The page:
Extra Points: Brian Spano 11/14
By Brian Spano PrepsKC Senior Writer
Seems like all the rage all of sudden in high school football is the trick play. We've gone way beyond the simple play-action pass. We're talking about what team can outdo the other team in creativity. Style points count here.
Let's go to Sherwood, Ore. for a moment where the Sherwood football team pulled off what they are calling the "Wrecking Ball." Won't Miley Cyrus be proud?
After scoring a touchdown against Putnam High, on the extra point attempt, the holder suddenly began hopping around the field and making monkey noises. With the defense distracted, the kicker took the snap, ran forward and completed a jump pass in the end zone for the two-point conversion.
Here's one that might hit close to home.
People around here might be familiar with Ozark High School. This was the team that upset Lee's Summit West in the Missouri Class 5 quarterfinals and then played Forth Osage in a tough battle in the semifinals. Well, guess what? They trotted out a trick play this season.
Introducing the "Flapjack." The Flapjack uses sleight of hand.
It's basically a game of "Who's got the ball?" culminating in a blind, over-the-shoulder pass to a wide open receiver.
Heading back out west again, an El Camino Real (Woodland Hills, Calif.) junior varsity quarterback Jahlil Pinkett lined up under center to receive the snap and started toward the sideline to request a new football.
The Taft defense stood there dumbfounded thinking an official's timeout had been called while Pinkett walked toward the sideline holding the ball out. As soon as he got close to the sideline, he tucked the ball and sprinted down the sideline for a legal, yet deceptive touchdown.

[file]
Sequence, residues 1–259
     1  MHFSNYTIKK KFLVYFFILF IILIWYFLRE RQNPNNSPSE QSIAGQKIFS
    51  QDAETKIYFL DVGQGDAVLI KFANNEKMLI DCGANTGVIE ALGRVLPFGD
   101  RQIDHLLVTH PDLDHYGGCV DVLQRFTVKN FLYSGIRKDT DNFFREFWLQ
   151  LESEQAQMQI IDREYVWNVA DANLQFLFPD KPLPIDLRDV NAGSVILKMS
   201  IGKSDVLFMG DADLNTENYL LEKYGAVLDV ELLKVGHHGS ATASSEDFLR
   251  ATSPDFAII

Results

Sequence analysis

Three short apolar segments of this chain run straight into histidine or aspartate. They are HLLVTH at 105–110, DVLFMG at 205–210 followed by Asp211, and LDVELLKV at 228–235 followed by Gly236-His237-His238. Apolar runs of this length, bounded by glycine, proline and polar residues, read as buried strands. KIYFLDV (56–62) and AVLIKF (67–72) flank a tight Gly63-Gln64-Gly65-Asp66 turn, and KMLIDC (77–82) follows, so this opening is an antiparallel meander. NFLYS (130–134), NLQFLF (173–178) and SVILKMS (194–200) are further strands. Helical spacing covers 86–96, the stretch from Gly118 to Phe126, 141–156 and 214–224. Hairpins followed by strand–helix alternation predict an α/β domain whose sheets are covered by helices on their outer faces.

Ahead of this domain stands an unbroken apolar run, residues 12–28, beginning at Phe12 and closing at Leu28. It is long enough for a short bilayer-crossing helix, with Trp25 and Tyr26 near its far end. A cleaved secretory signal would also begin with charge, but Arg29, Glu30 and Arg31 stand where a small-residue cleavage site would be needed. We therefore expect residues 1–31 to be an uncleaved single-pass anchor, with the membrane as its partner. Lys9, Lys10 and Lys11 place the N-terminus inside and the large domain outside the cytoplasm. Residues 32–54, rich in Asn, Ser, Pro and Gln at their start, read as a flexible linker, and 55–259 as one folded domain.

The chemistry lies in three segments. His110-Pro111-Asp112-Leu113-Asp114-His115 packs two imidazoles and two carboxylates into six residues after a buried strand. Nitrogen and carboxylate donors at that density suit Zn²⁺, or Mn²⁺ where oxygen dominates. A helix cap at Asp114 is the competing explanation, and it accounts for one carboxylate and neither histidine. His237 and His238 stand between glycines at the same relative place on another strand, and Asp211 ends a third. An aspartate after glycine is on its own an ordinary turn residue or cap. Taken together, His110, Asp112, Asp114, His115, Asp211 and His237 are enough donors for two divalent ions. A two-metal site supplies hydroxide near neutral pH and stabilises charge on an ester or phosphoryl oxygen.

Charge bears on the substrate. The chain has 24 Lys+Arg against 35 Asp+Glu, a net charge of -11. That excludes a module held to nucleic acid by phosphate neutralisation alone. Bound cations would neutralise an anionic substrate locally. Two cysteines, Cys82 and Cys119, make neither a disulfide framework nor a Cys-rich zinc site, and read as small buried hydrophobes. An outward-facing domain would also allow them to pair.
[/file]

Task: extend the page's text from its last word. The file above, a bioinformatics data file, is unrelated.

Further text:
And who could forget "The Annexation of Puerto Rico" play? Inspired by one of John Madden's plays during Super Bowl XI, it is a variation of the "Fumblerooski."
The play itself is pretty much a center sneak. The quarterback pretends to receive the snap from the center and proceeds to run the play while the center, who actually has the ball, runs toward the end zone. He then tosses the ball back to another player who begins making his way toward touchdown glory.
All right, I kind of cheated on this one. This play is from the movie "Little Giants," and it helped them win the game on their final play against the Cowboys.
So what this goes to show is that trick plays, and their popularity, will continue to be prevalent. It's just right now, they seem to be in vogue.
As you watch your favorite high school football team make its march to the state championship, you never know what it might do to gain that edge. The coach could reach down deep into his bag of tricks, dust off one of those plays from way in the back of the playbook and just pull a fast one on the opponent.
It's that element of surprise that makes the drama of high school football so unpredictable and so much fun.
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